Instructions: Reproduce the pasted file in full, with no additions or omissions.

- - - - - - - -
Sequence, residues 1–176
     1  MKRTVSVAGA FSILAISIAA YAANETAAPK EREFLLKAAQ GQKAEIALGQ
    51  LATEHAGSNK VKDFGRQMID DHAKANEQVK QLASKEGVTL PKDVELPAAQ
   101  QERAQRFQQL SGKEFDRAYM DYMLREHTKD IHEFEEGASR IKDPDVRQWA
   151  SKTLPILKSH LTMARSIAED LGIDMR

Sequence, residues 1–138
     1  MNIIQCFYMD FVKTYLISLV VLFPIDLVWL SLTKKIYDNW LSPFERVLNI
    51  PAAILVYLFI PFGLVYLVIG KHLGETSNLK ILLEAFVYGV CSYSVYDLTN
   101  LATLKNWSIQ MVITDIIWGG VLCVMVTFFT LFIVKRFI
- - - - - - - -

Sequence, residues 1–176
     1  MKRTVSVAGA FSILAISIAA YAANETAAPK EREFLLKAAQ GQKAEIALGQ
    51  LATEHAGSNK VKDFGRQMID DHAKANEQVK QLASKEGVTL PKDVELPAAQ
   101  QERAQRFQQL SGKEFDRAYM DYMLREHTKD IHEFEEGASR IKDPDVRQWA
   151  SKTLPILKSH LTMARSIAED LGIDMR

Sequence, residues 1–138
     1  MNIIQCFYMD FVKTYLISLV VLFPIDLVWL SLTKKIYDNW LSPFERVLNI
    51  PAAILVYLFI PFGLVYLVIG KHLGETSNLK ILLEAFVYGV CSYSVYDLTN
   101  LATLKNWSIQ MVITDIIWGG VLCVMVTFFT LFIVKRFI